Ehrenreich’s guiding theme is the humiliation of Palestinians under Israeli occupation, exemplified by the suffocating arrogance of the handful of Jewish settlers he interviewed when he was not enchanted by his Palestinian hosts. He was greeted “warmly” by Tzipi Schlissel, granddaughter of Rabbi Abraham Isaac Kook, the first Chief Rabbi of Palestine under British Mandatory rule. The 1929 massacre that claimed the lives of her grandmother and great-aunt was part of her family history. She and her Jewish neighbors seek “to tear redemption from a history of loss” (which also includes the murder of her father, stabbed to death in his Tel Rumeida home). To Ehrenreich, however, they are “trapped” by their tragic past and “blind to the magnitude of the hurt” inflicted on their Arab neighbors.

He also met Anat Cohen, “the fury of Beit Hadassah,” the former medical clinic that was the chosen site of the return of Jews – 10 women and thirty-five children – to Hebron fifty years after the massacre that destroyed the community. To Ehrenreich she is “a ferocious soldier for her god,” with “the courage to believe in something with the fullness of her being and no calculus to guide her save her own bottomless rage. . . and the awe-drenched narrowness of her faith.”

He is even less charitable to Baruch Marzel, “the unofficial leader” of Tel Rumeida Jews. Marzel exemplifies the brutal colonizer obsessed with “race hatred.” A “blunt, combative, relentless” disciple of Rabbi Meir Kahane, he embraced his mentor’s belief that “no coexistence with Palestinians was possible, and mass expulsion [is] the only solution.” Ehrenreich suggests, without a shred of supporting evidence (because there is none), that this has become the “mainstream position” among Israelis.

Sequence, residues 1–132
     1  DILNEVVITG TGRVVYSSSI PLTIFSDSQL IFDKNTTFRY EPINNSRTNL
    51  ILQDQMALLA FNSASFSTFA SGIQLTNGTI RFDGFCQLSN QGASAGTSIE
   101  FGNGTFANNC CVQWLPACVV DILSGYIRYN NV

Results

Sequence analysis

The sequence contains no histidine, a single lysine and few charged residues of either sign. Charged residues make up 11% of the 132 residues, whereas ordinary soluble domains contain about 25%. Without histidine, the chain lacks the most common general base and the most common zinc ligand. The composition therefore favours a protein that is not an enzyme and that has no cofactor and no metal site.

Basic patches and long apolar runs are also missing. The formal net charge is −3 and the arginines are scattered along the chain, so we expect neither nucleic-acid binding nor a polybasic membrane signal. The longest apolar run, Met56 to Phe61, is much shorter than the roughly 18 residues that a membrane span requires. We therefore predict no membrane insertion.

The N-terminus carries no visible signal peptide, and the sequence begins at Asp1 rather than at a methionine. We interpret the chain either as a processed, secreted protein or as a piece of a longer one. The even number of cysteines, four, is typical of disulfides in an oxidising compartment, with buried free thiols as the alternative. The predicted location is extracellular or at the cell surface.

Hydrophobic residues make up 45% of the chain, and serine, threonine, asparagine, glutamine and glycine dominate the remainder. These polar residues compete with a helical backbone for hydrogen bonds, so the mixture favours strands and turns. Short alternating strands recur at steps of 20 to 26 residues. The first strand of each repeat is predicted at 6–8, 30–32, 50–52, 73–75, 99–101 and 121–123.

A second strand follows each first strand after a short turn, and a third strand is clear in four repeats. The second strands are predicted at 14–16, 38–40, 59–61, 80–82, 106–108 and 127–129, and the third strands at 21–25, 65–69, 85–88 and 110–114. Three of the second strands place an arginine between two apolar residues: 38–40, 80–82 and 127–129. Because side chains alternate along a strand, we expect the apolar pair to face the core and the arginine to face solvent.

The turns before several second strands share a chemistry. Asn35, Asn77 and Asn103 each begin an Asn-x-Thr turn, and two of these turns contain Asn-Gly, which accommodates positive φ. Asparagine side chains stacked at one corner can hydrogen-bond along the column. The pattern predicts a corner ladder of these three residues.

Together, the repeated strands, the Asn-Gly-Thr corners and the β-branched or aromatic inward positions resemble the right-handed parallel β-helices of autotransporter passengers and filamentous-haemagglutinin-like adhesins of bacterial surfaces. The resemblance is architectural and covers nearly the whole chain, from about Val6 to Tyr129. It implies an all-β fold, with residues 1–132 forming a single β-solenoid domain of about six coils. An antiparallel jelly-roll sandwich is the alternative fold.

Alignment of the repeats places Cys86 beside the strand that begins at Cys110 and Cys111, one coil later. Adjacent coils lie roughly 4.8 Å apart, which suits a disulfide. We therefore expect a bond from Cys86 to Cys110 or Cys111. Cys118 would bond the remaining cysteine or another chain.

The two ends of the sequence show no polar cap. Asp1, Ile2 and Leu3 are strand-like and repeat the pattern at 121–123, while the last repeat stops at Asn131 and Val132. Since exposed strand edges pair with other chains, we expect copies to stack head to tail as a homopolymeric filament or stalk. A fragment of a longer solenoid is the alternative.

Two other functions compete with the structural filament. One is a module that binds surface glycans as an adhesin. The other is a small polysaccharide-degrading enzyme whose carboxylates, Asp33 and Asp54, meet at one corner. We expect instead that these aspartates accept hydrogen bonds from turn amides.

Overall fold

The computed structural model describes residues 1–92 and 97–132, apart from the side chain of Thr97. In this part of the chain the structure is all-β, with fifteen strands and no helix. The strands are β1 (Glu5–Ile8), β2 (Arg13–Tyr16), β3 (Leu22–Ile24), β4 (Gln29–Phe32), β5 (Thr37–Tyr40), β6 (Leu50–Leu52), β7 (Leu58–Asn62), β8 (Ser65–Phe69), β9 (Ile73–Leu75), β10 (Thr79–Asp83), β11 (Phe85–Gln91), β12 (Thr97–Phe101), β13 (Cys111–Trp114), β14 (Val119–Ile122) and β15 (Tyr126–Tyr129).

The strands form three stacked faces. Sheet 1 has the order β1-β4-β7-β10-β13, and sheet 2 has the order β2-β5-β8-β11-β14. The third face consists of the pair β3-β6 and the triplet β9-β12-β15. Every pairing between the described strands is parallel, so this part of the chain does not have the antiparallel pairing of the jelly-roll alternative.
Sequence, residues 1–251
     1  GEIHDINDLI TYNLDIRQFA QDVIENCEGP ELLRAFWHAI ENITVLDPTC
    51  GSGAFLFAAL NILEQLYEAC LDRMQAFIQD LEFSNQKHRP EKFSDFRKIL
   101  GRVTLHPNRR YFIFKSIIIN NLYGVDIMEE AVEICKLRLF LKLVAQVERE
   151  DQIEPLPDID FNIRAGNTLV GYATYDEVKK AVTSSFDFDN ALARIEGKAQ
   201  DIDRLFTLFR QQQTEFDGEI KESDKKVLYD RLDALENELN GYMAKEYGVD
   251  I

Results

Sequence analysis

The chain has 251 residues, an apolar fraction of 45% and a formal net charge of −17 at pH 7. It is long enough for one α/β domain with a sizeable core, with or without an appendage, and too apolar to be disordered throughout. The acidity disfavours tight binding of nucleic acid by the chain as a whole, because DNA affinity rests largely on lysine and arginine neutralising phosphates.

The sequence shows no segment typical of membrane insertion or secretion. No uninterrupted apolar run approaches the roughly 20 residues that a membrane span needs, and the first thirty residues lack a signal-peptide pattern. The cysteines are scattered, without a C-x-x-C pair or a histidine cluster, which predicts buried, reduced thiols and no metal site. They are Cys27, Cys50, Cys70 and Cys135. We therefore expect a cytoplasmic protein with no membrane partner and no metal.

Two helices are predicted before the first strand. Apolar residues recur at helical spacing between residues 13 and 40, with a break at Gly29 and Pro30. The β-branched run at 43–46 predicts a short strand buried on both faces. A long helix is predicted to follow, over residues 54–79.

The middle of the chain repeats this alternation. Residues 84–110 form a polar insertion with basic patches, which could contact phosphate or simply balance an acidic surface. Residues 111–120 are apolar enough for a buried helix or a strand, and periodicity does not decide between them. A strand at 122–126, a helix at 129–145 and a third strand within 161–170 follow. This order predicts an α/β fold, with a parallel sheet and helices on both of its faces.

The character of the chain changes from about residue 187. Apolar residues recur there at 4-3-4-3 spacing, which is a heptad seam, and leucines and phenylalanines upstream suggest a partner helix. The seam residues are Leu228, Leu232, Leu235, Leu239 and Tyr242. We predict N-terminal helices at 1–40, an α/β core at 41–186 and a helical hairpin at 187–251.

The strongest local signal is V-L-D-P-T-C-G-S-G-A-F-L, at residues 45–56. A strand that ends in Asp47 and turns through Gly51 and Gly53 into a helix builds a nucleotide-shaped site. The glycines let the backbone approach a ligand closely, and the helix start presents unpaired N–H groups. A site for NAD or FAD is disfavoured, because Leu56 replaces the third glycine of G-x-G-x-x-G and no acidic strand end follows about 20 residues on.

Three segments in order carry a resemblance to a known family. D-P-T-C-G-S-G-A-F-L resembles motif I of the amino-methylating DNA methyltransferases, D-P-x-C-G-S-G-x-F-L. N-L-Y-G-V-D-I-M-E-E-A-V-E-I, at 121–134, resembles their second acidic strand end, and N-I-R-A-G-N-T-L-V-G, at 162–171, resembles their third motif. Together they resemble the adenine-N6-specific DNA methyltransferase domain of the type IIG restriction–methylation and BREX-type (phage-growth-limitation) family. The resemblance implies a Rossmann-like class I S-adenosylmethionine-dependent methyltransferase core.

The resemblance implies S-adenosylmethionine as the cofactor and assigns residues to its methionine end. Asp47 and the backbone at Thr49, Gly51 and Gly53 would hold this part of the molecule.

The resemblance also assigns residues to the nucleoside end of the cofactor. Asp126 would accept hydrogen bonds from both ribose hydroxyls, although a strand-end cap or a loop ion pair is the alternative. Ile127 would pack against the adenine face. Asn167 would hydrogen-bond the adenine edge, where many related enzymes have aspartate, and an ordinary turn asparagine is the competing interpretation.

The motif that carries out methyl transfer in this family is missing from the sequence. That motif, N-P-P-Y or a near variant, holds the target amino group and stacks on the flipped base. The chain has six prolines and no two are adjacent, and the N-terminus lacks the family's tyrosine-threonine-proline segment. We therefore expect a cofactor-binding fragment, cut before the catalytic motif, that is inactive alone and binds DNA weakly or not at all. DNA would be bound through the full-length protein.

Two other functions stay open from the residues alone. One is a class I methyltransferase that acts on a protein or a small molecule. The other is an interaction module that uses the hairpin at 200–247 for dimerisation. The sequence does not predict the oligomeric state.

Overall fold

Had Ehrenreich spent more than a few moments with David Wilder, the knowledgeable and genial English-language spokesman for the Hebron Jewish community, it might have moderated his palpable loathing of settlers. Wilder would have informed him about the history of Beit Hadassah (where he lives); guided him through its fascinating museum of Hebron history and the beautifully restored Avraham Avinu synagogue nearby; led him to the ancient Jewish cemetery; and accompanied him to the majestic Machpelah shrine (which Jews were barred from entering for 700 years by its Muslim rulers). They could easily have walked up the hill to the thriving Kiryat Arba settlement, home to 7000 Jews and a vibrant yeshiva. There Ehrenreich might have met and learned from (as I did) Rabbi Eliezer Waldman and lawyer Elyakim Haetzni, among the founding fathers of the restored Jewish community in Hebron.

Instead, Ehrenreich burrowed ever deeper into his Youth Against Settlements hangout, oblivious to the thriving Palestinian city of Hebron a few hundred meters away while refining his disparaging clichés about malevolent Jewish settlers.

Jerold S. Auerbach is the author of Hebron Jews: Memory and Conflict in the Land of Israel (2009)



About the Author
Jerold S. Auerbach is author of Hebron Jews: Memory and Conflict in the Land of Israel (2009). His new book, Print to Fit: The New York Times, Zionism and Israel 1896-2016, will be published in February by Academic Studies Press.